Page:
When the eruption hit, a massive amount of rock and ash blew some 40,000 feet into the atmosphere, with millions of tons of red hot ash and boulders crashing down on the city.  Within hours the entire city was virtually buried under millions of tons of volcanic debris.   In the days and months following the eruption, nearly  2/3 of the population left Montserrat and most haven’t returned.   To this day, nearly 1/3 of the island is  uninhabitable and that’s, in part the area that we would be touring with our guide.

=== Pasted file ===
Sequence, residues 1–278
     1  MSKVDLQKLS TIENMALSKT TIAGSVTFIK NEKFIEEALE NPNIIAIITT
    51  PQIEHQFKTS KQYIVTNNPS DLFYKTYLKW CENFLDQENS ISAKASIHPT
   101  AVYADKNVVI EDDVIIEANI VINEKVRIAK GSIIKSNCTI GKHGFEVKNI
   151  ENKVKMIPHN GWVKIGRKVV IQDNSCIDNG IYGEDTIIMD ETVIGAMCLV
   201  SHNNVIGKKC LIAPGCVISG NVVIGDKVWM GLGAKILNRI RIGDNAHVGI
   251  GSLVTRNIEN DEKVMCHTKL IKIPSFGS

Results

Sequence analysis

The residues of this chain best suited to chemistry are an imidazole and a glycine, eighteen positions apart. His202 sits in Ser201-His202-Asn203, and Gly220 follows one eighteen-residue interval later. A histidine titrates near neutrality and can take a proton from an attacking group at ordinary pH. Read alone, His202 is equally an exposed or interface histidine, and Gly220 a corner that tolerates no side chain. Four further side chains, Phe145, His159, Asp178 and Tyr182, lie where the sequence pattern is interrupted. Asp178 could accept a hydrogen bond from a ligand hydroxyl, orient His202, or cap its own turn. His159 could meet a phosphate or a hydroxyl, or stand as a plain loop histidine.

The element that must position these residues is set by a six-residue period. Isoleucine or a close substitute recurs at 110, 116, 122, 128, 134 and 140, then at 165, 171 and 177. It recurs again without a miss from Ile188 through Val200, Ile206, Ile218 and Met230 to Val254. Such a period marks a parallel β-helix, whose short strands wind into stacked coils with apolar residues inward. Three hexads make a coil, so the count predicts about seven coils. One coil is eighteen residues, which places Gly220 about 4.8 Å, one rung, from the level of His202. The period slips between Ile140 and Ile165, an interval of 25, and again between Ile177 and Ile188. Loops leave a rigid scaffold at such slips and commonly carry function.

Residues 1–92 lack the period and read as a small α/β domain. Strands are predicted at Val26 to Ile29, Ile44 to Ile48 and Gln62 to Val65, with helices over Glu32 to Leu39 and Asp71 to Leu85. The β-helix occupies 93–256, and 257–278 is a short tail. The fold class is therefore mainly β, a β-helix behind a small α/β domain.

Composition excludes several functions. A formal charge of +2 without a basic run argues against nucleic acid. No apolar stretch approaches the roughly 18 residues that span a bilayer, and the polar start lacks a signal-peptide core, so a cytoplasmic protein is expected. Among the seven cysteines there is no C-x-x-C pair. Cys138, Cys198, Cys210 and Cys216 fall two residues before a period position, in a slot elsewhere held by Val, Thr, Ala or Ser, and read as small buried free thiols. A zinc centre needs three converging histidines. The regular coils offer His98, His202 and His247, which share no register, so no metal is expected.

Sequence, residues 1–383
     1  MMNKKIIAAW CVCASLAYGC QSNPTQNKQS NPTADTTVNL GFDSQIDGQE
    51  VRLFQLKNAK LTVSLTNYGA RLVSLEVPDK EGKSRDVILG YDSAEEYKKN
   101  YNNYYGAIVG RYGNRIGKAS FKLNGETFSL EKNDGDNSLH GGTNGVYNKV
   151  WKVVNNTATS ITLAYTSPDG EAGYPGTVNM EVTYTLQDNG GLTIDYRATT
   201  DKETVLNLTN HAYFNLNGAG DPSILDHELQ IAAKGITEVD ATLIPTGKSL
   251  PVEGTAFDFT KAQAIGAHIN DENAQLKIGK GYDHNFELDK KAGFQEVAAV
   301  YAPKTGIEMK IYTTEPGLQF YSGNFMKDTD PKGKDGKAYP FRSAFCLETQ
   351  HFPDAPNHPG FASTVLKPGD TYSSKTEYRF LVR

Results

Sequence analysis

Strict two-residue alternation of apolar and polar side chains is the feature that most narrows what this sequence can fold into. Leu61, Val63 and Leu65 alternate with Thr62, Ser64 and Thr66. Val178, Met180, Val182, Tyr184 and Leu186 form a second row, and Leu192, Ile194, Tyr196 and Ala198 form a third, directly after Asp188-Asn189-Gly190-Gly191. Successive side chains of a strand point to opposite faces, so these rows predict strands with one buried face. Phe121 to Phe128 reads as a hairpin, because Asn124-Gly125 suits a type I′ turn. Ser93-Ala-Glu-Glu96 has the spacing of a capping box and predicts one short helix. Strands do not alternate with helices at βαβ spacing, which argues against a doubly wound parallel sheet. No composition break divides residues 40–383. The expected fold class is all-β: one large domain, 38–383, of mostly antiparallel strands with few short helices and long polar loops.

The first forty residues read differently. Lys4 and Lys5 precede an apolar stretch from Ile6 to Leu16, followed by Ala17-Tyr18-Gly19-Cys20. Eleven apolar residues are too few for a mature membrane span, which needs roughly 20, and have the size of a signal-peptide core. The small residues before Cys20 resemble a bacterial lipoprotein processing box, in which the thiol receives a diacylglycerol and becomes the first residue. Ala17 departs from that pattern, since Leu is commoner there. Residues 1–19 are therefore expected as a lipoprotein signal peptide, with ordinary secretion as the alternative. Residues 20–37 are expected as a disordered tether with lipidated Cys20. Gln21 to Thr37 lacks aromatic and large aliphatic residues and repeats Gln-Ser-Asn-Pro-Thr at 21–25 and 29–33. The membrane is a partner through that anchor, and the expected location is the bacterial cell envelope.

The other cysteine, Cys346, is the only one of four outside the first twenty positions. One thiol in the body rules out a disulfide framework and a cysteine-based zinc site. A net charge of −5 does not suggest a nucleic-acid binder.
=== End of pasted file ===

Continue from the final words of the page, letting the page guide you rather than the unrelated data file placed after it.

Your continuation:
The island is, in geologic time, quite young and still has an active volcano.  You can see the clouds over the volcano on the left.  It’s hard to distinguish the clouds from the smoke that is constantly coming out from the top of the mountain.As we rounded the western end of the island it was daunting to see the cliffs rise from the sea.  Not a place to be driven onto a lee shore. Overhead the frigate birds circled, looking for fish to catch.  These birds are huge, with a wingspan of more than 6′. A short distance later the “harbor” came into view.  The only way ashore is the ferry dock and that would only be usable in settled conditions with no protection from the seas.   With the swells breaking on the beach, there is no way that we’d be able to land with our dink.  There was a very small spot in front of the ferry dock that had a place to land though and a ramp for pulling the larger fishing boats ashore. The types of conditions that the island must experience was demonstrated by the huge concrete “jacks” lining the shore.  Note the color of the beach, black volcanic sand. Our group boarded a van for a day of touring the island and in particular, the eastern end where the volcano erupted.  We wound our way up impossibly steep switchback turns on our way up the side of the mountain, always with the semi-dormant volcano looming above us.  On the left of the photo you can clearly see the remains of the deep layer of ash and rock that devastated the surrounding mountainside. Everywhere you look there is evidence of volcanic activity, piles of ash pushed to the side of the road and vacant buildings abruptly abandoned.  At an particularly impressive overlook, we entered the ruins of a once grand resort.   The floor had a thick layer of ash.  A calculator on the welcome desk suggested how fast everyone evacuated. Out back was patio with what was once a lovely pool, now full to the brim with ash.  The ash is very fertile though, so nature has quickly taken advantage of the well fertilized soil and turned the pool into marshland. A view back toward the remains of the hotel.